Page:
Prince William quotes Bob Marley as royals leave Jamaica for Bahamas on Caribbean tour

The Duke and Duchess of Cambridge bid farewell to Jamaica in an open-backed Land Rover – mirroring the Queen in her pomp

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Prince William quoted Bob Marley as him and wife Kate left Jamaica for the Bahamas on their Caribbean tour.

The Duke and Duchess of Cambridge bid farewell to Jamaica in an open-backed Land Rover – mirroring the Queen in her pomp.

William and Kate rode standing up in the red carpet-lined vehicle used by the Queen from the 1960s during tours of the Caribbean country.

The Duke and Duchess of Cambridge attend the inaugural Commissioning Parade for service personnel from across the Caribbean.
The Duke and Duchess of Cambridge attend the inaugural Commissioning Parade for service personnel from across the Caribbean.
The Queen and Duke of Edinburgh drive down the lines of 20,000 youngsters drawn up to greet them in Sabina Park, Kingston, during their visit to Jamaica.
The Queen and Duke of Edinburgh drive down the lines of 20,000 youngsters drawn up to greet them in Sabina Park, Kingston, during their visit to Jamaica.

The couple echoed scenes from a bygone era as they were driven past the stands of dignitaries and families who had watched the inaugural commissioning parade for dozens of Caribbean officer cadets.

The Duke quoted reggae great Bob Marley when he told the young men and women stood on the parade ground in front of him: “Being asked to lead men and women through uncertainty and danger is daunting.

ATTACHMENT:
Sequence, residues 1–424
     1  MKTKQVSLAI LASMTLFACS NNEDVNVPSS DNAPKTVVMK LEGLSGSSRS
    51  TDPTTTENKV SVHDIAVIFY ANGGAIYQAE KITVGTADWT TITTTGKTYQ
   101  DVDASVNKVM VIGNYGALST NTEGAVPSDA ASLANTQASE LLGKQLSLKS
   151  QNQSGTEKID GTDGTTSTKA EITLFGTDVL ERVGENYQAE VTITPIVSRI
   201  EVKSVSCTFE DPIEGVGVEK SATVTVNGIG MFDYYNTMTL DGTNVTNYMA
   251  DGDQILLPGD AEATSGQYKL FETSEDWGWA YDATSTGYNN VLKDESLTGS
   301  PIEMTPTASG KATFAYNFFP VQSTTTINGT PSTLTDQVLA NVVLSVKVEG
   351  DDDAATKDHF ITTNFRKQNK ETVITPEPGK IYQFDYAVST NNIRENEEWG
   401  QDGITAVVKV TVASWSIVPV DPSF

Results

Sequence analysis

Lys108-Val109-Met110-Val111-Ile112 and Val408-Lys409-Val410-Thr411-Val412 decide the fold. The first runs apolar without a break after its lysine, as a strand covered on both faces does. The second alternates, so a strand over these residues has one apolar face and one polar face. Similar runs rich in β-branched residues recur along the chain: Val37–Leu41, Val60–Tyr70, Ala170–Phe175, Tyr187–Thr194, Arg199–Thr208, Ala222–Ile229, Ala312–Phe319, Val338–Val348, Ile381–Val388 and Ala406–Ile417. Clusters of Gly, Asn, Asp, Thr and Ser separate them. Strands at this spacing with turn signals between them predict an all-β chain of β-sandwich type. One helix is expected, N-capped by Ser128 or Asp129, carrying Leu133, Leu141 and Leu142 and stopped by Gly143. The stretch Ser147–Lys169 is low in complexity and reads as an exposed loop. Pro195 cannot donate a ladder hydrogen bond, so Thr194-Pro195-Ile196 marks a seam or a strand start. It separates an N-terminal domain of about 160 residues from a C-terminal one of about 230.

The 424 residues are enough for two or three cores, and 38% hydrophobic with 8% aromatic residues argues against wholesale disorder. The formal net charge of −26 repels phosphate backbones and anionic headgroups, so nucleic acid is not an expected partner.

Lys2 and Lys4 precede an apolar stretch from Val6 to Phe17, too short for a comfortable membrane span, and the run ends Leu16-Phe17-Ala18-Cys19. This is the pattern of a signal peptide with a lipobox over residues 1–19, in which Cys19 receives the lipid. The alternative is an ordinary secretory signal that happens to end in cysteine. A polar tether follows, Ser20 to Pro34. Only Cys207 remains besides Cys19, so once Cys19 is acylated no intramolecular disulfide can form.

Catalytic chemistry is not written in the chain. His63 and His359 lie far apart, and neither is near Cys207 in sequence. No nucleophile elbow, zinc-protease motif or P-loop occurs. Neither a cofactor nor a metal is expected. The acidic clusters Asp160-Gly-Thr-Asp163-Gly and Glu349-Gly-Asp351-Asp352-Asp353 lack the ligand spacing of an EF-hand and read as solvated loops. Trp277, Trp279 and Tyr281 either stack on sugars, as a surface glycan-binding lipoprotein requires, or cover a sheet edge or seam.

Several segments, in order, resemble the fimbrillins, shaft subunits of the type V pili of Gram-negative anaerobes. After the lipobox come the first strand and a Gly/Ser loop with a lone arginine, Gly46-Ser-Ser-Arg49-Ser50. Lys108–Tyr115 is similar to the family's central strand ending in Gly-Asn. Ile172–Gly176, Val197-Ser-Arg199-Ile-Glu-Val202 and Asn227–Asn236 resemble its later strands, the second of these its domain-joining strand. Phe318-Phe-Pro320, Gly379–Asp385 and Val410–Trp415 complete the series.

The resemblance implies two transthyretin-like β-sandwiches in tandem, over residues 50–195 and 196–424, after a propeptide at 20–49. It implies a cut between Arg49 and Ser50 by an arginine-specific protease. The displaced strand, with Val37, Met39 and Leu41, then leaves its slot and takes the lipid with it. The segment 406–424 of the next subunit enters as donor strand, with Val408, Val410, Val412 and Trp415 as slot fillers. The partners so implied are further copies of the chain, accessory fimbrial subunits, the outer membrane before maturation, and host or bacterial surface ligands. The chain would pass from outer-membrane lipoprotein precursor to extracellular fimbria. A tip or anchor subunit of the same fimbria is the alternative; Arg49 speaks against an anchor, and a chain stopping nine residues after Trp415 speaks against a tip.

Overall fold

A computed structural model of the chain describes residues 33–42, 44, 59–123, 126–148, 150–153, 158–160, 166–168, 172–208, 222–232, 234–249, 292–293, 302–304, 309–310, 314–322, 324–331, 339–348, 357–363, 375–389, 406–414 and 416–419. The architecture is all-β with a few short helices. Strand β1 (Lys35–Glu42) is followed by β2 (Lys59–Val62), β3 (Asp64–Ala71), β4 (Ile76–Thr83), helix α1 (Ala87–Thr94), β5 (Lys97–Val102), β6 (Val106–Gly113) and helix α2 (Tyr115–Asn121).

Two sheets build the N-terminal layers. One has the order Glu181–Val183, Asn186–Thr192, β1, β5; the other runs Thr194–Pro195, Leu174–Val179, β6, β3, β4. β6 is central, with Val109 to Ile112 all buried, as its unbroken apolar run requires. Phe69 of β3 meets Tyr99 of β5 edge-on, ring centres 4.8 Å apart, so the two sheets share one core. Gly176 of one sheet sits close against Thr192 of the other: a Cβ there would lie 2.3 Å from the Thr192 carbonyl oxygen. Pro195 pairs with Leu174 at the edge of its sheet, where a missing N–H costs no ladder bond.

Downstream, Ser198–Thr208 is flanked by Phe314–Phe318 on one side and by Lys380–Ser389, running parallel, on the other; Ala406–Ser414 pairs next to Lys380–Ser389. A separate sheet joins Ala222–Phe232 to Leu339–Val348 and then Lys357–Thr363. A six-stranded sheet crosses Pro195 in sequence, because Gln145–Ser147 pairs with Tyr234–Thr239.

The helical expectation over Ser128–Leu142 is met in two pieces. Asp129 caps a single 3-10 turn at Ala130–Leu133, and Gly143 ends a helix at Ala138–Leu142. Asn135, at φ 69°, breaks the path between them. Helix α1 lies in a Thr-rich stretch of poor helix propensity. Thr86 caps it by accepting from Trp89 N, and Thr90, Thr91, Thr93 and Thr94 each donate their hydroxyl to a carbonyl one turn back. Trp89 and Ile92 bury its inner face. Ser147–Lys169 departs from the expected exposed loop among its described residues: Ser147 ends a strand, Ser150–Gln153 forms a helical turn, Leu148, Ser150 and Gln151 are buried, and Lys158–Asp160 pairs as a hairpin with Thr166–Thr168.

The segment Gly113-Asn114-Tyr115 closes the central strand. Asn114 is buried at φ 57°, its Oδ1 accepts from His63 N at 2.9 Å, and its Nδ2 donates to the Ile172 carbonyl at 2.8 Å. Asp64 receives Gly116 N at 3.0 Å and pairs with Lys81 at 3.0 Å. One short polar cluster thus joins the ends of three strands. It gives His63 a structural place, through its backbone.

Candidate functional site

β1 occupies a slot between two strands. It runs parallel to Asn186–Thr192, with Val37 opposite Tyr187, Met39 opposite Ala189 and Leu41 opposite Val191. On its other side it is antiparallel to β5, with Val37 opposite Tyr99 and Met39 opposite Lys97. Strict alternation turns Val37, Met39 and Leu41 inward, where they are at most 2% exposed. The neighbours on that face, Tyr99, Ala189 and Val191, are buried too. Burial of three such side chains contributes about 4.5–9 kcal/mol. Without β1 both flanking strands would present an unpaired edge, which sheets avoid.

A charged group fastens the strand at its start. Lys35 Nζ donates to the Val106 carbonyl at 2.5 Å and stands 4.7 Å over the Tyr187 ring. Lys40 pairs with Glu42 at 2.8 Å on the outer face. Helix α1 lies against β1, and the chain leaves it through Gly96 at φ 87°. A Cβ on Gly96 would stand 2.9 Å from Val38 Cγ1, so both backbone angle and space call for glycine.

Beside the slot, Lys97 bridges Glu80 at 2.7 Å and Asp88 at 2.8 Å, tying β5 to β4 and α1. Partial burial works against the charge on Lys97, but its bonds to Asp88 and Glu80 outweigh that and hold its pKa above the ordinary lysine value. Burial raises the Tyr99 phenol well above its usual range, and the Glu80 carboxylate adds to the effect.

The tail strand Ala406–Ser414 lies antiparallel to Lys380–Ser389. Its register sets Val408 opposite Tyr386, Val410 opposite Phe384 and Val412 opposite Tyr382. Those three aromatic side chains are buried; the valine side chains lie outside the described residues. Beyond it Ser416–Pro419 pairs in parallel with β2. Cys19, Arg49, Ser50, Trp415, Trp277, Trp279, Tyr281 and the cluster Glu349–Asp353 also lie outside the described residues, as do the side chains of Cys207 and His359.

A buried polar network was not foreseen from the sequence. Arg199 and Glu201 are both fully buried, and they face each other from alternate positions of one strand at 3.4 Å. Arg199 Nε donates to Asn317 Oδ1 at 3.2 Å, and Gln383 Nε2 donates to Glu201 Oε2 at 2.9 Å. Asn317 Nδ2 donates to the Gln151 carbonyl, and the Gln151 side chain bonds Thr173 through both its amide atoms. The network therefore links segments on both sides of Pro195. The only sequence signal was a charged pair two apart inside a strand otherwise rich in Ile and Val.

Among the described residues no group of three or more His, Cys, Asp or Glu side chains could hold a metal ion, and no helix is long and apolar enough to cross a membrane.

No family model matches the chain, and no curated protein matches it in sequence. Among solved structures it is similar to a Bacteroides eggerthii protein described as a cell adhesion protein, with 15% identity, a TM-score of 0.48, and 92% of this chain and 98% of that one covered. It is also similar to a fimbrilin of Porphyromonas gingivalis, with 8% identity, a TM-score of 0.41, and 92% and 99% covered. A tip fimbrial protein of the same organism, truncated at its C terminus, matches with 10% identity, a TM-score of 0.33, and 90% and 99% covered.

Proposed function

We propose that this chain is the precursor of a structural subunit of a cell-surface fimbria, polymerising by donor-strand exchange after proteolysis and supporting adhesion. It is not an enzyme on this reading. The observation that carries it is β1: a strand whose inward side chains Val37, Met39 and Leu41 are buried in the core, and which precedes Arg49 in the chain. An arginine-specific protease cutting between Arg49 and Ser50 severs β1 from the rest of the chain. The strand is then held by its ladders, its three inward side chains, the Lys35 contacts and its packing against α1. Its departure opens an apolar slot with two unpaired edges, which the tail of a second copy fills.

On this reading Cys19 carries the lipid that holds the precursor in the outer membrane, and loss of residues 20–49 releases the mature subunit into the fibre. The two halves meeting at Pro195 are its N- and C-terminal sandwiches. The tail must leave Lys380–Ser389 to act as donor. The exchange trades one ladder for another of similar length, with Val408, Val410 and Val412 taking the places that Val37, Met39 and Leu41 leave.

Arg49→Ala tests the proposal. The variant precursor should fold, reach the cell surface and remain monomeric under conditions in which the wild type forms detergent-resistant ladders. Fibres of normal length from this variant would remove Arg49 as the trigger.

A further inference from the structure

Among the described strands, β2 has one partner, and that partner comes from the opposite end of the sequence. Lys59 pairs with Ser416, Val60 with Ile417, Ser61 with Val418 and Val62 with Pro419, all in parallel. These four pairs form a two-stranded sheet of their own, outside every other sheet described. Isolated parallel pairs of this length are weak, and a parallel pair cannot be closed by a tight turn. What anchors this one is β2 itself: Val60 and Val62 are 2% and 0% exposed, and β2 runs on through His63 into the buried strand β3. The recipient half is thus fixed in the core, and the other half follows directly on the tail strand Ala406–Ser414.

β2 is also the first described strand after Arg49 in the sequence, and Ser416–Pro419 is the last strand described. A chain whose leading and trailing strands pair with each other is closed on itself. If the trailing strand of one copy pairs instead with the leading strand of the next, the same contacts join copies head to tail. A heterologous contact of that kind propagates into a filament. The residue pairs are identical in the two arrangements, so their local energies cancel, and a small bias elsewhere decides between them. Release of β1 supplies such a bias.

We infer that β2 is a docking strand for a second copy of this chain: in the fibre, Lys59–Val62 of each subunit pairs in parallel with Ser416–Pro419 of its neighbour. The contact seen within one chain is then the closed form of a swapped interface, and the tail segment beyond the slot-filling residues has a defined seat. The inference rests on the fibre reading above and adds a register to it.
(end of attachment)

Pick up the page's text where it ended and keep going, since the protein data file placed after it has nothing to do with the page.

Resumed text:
“‘You never know how strong you are, until being strong is your only choice.'”

The ceremonial events followed the Duke’s denouncement of slavery as “abhorrent” during a speech on Wednesday evening when he said “it should never have happened”.

His comments followed days of protests during the couple’s tour of the Caribbean, with campaigners in Jamaica calling for reparations for slavery from the Royal Family.

William also expressed his “profound sorrow” at the forced transportation of millions of people from Africa to the Caribbean and North America – a trade which British monarchs either supported or profited from during the 17th and 18th centuries.

He also echoed the words of his father the Prince of Wales and described the slave trade as an “appalling atrocity” that “stains our history” and he went on to acknowledge Jamaica’s “pain”.

During the military event in Kingston, Kate wore a striking Philip Treacy hat and an Alexander McQueen dress and watched from the stands as the Duke, wearing the tropical no. 1 uniform of the Blues and royals – a white jacket with his military cap and trousers – took the salute of the new officers.

The duchess wore a striking Philip Treacy hat and an Alexander McQueen dress.
The duchess wore a striking Philip Treacy hat and an Alexander McQueen dress.
The Cambridges waved from the top of the plane steps before heading inside the aircraft.
The Cambridges waved from the top of the plane steps before heading inside the aircraft.

Kate presented awards to two of the top officer cadets and William walked onto the windswept parade ground to inspect the men and women from countries like Barbados and Guyana – stopping to talk to some of them.

A guard of honour was waiting at the airport to see the royal couple off to the Bahamas, the final leg of their Caribbean tour.

Kate had changed for the occasion and wore an Emilia Wickstead dress and was loaned by the Queen her hummingbird brooch – in the form of the doctor bird, a species of hummingbird only found in Jamaica.

After saying their goodbyes to a group of dignitaries, the Cambridges waved from the top of the plane steps before heading inside the aircraft.